5 Mistakes I Made with Digital Photography

In 2004 I switched from film to digital I made many mistakes, that I am sure new photographers are also making. Here are my top 5 mistakes.

  1. Shot jpeg

    If I had been shooting raw I would have been able to open up the shadows adding some more detail and help improve the contrast.

    With my first DSLR in 2004 I had the option to shoot raw, but I didn’t. It actually took me a year before I switched the file type to raw. One of the reasons I didn’t shoot raw was that Photoshop 7 didn’t have an option for editing raw files and I had to use Canon’s raw converter which was and still isn’t that great.

  2. Directly edited my digital negatives


    So much fake blur and dark contrast all edited on the original capture image.

    While shooting Jpeg I would edit these files directly, in essence destroying my negative. Before shooting digital I would scan my film and not worry about editing the scanned file because I had the negative filed away. I have lost these original files forever and only have the edited files now.

  1. Edited Destructively


    There are ten versions of this image, edited just before I started editing non destructively.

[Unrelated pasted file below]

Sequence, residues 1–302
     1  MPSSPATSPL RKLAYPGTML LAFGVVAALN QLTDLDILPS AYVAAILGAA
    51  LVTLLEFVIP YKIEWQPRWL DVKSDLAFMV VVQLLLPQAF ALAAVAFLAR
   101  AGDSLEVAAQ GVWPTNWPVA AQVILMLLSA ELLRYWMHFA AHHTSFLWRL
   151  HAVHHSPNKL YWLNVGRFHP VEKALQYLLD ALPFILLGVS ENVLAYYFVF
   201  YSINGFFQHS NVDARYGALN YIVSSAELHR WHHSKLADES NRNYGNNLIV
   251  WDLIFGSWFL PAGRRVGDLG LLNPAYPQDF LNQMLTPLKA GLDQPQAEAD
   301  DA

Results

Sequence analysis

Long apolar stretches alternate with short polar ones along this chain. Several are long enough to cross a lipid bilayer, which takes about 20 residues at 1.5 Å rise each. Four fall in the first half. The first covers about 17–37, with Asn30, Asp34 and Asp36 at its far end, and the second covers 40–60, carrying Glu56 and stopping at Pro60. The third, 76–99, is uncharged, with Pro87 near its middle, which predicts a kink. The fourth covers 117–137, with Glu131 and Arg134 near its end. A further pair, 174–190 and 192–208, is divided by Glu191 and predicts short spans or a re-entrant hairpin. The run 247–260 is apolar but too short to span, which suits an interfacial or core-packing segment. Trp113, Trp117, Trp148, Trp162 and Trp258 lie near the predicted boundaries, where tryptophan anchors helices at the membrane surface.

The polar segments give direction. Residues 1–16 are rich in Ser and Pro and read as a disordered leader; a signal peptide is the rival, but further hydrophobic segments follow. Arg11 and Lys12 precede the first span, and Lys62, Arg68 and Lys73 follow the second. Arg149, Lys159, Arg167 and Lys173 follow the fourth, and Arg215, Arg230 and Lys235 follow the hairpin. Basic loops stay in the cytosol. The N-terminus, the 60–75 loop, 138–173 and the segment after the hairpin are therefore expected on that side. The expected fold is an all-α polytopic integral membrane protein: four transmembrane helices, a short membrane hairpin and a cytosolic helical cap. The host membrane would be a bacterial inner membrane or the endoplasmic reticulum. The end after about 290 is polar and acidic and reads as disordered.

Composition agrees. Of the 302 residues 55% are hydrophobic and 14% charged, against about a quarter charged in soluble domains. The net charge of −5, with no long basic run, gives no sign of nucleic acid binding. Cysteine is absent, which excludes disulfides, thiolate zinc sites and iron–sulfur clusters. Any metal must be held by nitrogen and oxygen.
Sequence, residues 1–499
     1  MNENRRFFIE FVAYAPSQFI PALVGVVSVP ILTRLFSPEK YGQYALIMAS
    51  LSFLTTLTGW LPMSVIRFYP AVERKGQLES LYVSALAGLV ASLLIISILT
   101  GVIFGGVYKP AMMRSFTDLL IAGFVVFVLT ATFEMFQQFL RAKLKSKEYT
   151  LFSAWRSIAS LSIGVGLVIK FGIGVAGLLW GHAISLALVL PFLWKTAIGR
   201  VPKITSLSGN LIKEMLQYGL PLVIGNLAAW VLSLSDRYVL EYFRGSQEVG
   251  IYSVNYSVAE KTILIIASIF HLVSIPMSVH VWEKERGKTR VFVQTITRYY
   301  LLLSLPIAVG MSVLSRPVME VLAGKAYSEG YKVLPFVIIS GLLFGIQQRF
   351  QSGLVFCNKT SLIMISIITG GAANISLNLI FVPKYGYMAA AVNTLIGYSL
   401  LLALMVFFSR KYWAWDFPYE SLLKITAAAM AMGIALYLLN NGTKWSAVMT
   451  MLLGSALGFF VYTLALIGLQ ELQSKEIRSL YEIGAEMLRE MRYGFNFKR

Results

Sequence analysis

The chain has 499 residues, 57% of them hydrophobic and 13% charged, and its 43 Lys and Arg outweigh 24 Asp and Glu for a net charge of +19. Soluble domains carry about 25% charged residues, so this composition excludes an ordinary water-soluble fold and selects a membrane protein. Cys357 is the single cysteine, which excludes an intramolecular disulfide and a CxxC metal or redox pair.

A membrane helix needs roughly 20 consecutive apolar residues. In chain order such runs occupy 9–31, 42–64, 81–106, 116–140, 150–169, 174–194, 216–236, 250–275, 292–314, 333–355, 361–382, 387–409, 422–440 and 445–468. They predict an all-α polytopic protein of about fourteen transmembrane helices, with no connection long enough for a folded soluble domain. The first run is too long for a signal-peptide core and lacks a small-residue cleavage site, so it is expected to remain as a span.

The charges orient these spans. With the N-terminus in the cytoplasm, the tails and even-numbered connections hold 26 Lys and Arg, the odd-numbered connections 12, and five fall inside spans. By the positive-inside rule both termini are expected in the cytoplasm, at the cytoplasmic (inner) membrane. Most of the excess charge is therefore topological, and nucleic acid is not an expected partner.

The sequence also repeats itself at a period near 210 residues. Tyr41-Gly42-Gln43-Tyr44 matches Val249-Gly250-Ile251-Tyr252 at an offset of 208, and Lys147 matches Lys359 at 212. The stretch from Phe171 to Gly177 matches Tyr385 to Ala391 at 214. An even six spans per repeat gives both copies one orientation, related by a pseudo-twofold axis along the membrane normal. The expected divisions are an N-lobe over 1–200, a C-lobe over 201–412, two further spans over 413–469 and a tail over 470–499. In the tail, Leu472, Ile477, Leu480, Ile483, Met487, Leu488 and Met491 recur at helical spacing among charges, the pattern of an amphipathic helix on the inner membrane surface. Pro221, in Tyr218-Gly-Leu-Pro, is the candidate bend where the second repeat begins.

It took about two years from shooting digital to editing non-destructively. I used to make all the changes to an image on one layer, I then started making changes and saving the image as a new file to let me back track. I then learnt about layers, layer masks and non-destructive editing. I try not to think of how much wasted time I spent back tracking through files to make simple changes in the editing process.

  1. Didn’t read the camera instructions


    so much of this image I can now do in camera by playing with the camera profile. Would not have known this if I hadn’t looked at my camera manual.

    When we get a new gadget (or toy) we throw a side the instructions and jump into using it. That’s what I did with my camera. I thought it was the same as a film camera, only digital. A few years later I found the manual flicked through it and learnt so much more about what my camera could do. When I got my most recent camera the first thing I did was read the manual because you never know what hidden gems are in there.

  2. Didn’t start a blog


    I worked on many projects that have never seen the light of day. Maybe it is time to share them online.

    One of the biggest mistakes was not starting a blog. I had so many digital files that I half heartily put on Flickr and then took down and would sometimes put on social media (myspace, remember that place), although I never started a blog. If I had it would be ten years old now, imagine. There is no point in taking pictures if all you do is hide them on your hard drive.

Let me know your thoughts and mistakes you have made with digital photogrpahy in the comment box below.

Just a reminder that you have until the 6th of November to vote in the before and after forums poll, which will choose the image the participants will be editing for the half year post. Head here to vote.